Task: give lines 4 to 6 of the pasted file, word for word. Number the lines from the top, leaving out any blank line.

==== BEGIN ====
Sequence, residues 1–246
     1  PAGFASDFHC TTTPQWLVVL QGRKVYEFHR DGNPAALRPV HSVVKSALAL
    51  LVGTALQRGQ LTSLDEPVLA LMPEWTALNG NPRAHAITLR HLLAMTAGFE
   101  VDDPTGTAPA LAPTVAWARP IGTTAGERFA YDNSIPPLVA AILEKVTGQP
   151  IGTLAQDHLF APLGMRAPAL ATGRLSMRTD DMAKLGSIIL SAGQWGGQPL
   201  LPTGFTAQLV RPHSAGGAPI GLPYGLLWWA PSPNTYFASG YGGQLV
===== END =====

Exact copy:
   101  VDDPTGTAPA LAPTVAWARP IGTTAGERFA YDNSIPPLVA AILEKVTGQP
   151  IGTLAQDHLF APLGMRAPAL ATGRLSMRTD DMAKLGSIIL SAGQWGGQPL
   201  LPTGFTAQLV RPHSAGGAPI GLPYGLLWWA PSPNTYFASG YGGQLV